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33 He made my feet swift as the hind's,
Set me on my high places. 34 Mine hands to war he taught, mine arms.
Brake bows of steel in pieces. 35 The shield of thy salvation
Thou didst on me bestow :
Thy kindness made me grow.
Enlarged under me,
feet Are kept from sliding free. 37 Mine en’mies I pursued have,
And did them overtake;
An end of them did make.
They at my feet did fall. 39 Thou girdest me with strength for war;
My foes thou brought'st down all : 40 And thou hast giv'n to me the neeks
Of all mine enemies ;
Who did against me rise.
That would or could them save ;
But he no answer gave.
Before the wind that flies;
Upon the street that lies. 43 Thou mad'st me free from people's strife,
And heathen's head to be :
Shall service do to me.
44 At hearing they shall me obey,
To me they shall submit. 45 Strangers for fear shall fade away,
Who in close places sit. 46 God lives, bless'd be my Rock; the God
my health praised be. 47 God doth avenge me, and subdues
The people under me.
Yea, thou hast lifted me
and from the man
The heathen folk among;
Sing praises in a song.
He mercy doth extend
And his seed without end.
PSALM XIX. To a person entering into the New Testament view of the Psalms, this one will appear perfectly plain, according to what is attempted in the para. phrase, * as exactly parallel to Psalm xcvii, with all those of the same spirit and expression, wherein the Godhead and glory of the Son of God, the universal Lord and King over all, are described by the Holy Ghost as declared from heaven; and filling the whole earth, not with regard to creation and providence; (which operations of his also are abundantly described elsewhere); but, with regard to the manifestation of the everlasting gospel, and of the character and glory of God, shining in the face of Jesus, as held forth in
* See Note, page 94.
the light of the apostolic testimony. As the apostle Paul has actually interpreted this Psalm, Rom. x. 18. -So that the matter is for ever decided with those, who will be determined by the account given by the Holy Spirit of inspiration himself. As to the strong poetical colourings used in this Psalm, drawn from the grandest objects in the world, the heavens, the sun, and the glory of warriors, &c. according to those times and places, they are the very mother-tongue. so to speak, of all the prophets. From the Ilth verse, and downward to the end, the form of the discourse begins naturally to slide into the first person. - And that Messiah is the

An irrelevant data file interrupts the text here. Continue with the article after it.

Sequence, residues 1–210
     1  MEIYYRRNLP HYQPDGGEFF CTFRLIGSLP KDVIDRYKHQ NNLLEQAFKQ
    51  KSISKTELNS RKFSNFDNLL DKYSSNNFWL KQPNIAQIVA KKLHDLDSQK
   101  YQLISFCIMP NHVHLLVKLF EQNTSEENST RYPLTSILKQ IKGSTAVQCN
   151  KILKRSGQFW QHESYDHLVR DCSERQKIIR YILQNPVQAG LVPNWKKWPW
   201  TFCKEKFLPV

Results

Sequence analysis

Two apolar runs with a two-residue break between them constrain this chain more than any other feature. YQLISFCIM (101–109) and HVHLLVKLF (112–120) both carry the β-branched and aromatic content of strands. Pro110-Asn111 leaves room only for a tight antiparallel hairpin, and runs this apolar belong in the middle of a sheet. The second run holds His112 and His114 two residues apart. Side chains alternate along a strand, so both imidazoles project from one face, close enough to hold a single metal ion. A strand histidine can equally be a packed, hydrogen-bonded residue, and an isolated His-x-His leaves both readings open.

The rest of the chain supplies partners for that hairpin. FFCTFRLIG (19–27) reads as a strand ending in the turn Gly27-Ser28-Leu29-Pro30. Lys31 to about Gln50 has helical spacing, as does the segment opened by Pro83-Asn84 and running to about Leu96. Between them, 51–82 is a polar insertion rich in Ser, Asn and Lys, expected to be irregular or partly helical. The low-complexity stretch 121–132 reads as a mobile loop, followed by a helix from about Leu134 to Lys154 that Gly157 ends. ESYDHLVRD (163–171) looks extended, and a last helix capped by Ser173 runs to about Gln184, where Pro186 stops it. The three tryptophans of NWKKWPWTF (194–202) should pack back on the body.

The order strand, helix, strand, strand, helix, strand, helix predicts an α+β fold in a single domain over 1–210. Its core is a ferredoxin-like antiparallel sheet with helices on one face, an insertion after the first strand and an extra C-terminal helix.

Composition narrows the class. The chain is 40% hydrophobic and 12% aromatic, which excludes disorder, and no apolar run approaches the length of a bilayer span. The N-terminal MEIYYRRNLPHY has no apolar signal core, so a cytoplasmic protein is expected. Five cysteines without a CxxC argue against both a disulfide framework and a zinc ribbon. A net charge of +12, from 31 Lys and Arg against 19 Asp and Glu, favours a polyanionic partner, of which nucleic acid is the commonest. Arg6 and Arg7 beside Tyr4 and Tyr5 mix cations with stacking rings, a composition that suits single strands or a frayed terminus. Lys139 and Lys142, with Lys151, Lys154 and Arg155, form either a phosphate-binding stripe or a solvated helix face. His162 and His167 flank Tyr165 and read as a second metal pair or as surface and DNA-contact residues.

mani. fest to him who considers the meaning of the parallels quoted in the margin; * as the same shall be demonstrated in the proper places.
Like fire descending down from heav'ri,
And rushing like a mighty wind,
Announc'd his glory to mankind:
Th' apostles all his glory telt ;
And all his saints in glory dwell. 1
heav'ns God's glory do declares.
The skies his hand-works preach : 2 Day utters speech to day, and night in
To night doth knowledge teach. 3 There is no speech nor tongue to which
Their voice doth not extend : 4 Their line is gone thro' all the earth,
Their words to the world's end, In them he set the sun a tent; 5 Who, bridegroom-like, forth goes From's chamber, as a strong man doth To run his race rejoice. * Prose Psalms of the Bible.
6 From heav'n's end is his going forth,
Circling to the end again;
That hidden doth remain.
The soul in sin that lies : God's testimony is most sure,
And makes the simple wise.
And do rejoice the heart:
Light to the eyes impart.
And doth endure for ever :
And righteous altogether. 10 They more than gold, yea, much fine gold,
To be desired are :
That droppeth, sweeter far.
How he his life should frame:
For them that keep the same. 12 Who can his errors understand ?
O cleanse thou me within
From all presumptuous sin:
Dominion over me:
I from much sin shall be. 14 The words which from my mouth proceed,
The thoughts 'sent from my heart,
PSALM XX. .' This Psalm, it is allowed on all hands, is spoken in the person of the church, glorying in, and sympathising with, her King in the day of his calamity; while she breathes forth, at the same time, her fervent hope-inspired desires for his deliverance from all his troubles.—That not David, but his Lord, is the King, is certain from the last words of the Psalm, Save, Lord : let the King hear us when we call.'
To clothe his saints around with praise,
And raise them glorious by his fall,
Lo, Jesus fights their battles all
And sympathising with him too,
And plead for him the vict'ry due.
When trouble he doth send :
Thee from all ill defend.
Out of his sanctuary :
Let him give strength to thee. 3 Let him remember all thy gifts,
Accept thy sacrifice : 4 Grant thee thine heart's wish, and fulfil
Thy thoughts and counsel wise. 5 In thy salvation we will joy ;
In our God's name we will
Thy prayers all fulfil.
He from his holy heav'n
By his own right hand giv’n.